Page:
The purpose of this briefing paper is to bring together emerging information and analyses on COVID‐ 19 in the HoA, with a particular focus on how these relate to mobility, conflict and development. We consider the social and economic dimensions of the pandemic, recognising that these are likely to be as significant, if not more so, in most countries than the virus itself. While the health sector response in each country is important, it is therefore outside of the scope of this briefing paper. Given the rapidly changing situation, and to ensure this briefing remains relevant after the date of publication, we focus on forward‐looking analysis and recommend a number of emerging themes that require further research or consideration for policy and programming. This briefing was produced under considerable time pressure and, therefore, while researchers from across the region were invited to contribute, not all were available to participate at short notice and as a result the report’s coverage is uneven. Efforts have been made to indicate the date and source of statistics given, but all data precedes 8 June 2020. Because there are many different statistics circulating and due to the challenges of obtaining accurate and complete data, figures of case numbers, deaths, etc. should be taken as low estimates. The table in section 1.1 provides a snapshot of government measures in place in the region at the time of writing; however is not intended to be a comprehensive information source, and given the rapidly changing situation, up-to-date information should be sought from sources such as the WHO, IOM, UN agencies and government announcements.

Table 1 Snapshot of COVID-19 in the Horn of Africa (as of 8 June 2020)

 First recorded caseCases re‐ ported (WHO 2020)Borders closed to people enteringMeasures in place
Djibouti18 March4,169YesLockdown including closure of schools, places of worship and public transport announced on 23 March. Lockdown measures have been incrementally lifted since 17 May (UN Djibouti 2020b)
Eritrea21 March41YesStay at home guideline effective 2 April for 21 days (since extended), including closure of schools and non-essential businesses, movement between provinces restricted (Eritrea Ministry of Information 2020)
Ethiopia13 March2,020YesNo lockdown, but restrictions on group gatherings, inter-regional movement, schools closed and elections postponed, state of emergency declared, mandatory facemask, compulsory 14‐day quarantine for those coming from abroad, Ethiopian Airlines continuing some flights (Pilling 2020). On 26 May, Minister of Peace Muferiat Kamil declared that the Government of Ethio‐ pia would tighten control measures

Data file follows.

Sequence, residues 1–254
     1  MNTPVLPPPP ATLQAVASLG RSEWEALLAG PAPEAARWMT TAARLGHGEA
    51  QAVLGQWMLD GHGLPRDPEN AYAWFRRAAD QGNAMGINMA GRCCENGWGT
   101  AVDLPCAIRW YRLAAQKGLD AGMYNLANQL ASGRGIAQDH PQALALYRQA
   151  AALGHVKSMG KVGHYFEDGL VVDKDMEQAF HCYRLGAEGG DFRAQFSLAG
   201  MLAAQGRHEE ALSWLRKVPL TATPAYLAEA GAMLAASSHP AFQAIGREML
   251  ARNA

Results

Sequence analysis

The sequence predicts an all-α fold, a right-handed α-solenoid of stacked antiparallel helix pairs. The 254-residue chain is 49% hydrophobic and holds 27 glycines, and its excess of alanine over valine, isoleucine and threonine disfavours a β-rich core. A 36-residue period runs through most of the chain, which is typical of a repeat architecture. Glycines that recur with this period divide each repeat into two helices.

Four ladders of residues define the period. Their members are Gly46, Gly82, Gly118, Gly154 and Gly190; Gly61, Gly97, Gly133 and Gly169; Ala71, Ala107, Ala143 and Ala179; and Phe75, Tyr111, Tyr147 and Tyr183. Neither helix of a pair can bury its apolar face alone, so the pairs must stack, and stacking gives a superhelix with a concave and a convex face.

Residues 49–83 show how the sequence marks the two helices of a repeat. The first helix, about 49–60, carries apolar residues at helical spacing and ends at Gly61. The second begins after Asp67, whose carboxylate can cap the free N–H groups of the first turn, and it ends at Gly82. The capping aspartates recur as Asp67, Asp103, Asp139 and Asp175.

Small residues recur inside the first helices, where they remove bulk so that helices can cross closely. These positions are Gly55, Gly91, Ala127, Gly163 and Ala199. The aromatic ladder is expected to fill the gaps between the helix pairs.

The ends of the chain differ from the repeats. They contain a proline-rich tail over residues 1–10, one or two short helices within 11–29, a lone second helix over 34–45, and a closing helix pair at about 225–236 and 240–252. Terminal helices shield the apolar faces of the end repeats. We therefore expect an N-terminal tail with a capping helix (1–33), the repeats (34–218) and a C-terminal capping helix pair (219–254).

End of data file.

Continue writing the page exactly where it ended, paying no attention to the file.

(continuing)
Kenya12 March2,767YesAir travel suspended, public gatherings banned, nation‐wide curfew from 9pm to 4am, schools to remain closed until September, mandatory facemasks. On 16 May borders closed with Somalia and Kenya, though informal border crossings continue. Movement into and out of Nairobi, Mombasa and Mandera restricted, but previous restrictions within Eastleigh, Old Town in Mombasa and Kwale and Kilifi lifted in 6 June announcement (Mbewa 2020; BBC 2020a; Government of Kenya 2020)
Somalia/ Somaliland16 March2,289YesNational preparedness plan launched by the Federal Government of Somalia in March (Federal Government of Somalia 2020), National Committee for Preparedness and Prevention of COVID‐19 convened in Somaliland, as well as the Armed Forces Coordination Committee. International flights suspended from 18 March 2020 (Ali 2020) apart from Ethiopian Airlines to Hargeisa, and domestic flights also suspended, compulsory 14‐day self-isolation for those arriving from high‐risk countries prior to suspension of flights. Mogadishu placed under curfew on 15 April between 8pm and 5am, learning institutions closed, qat import, trade and consumption banned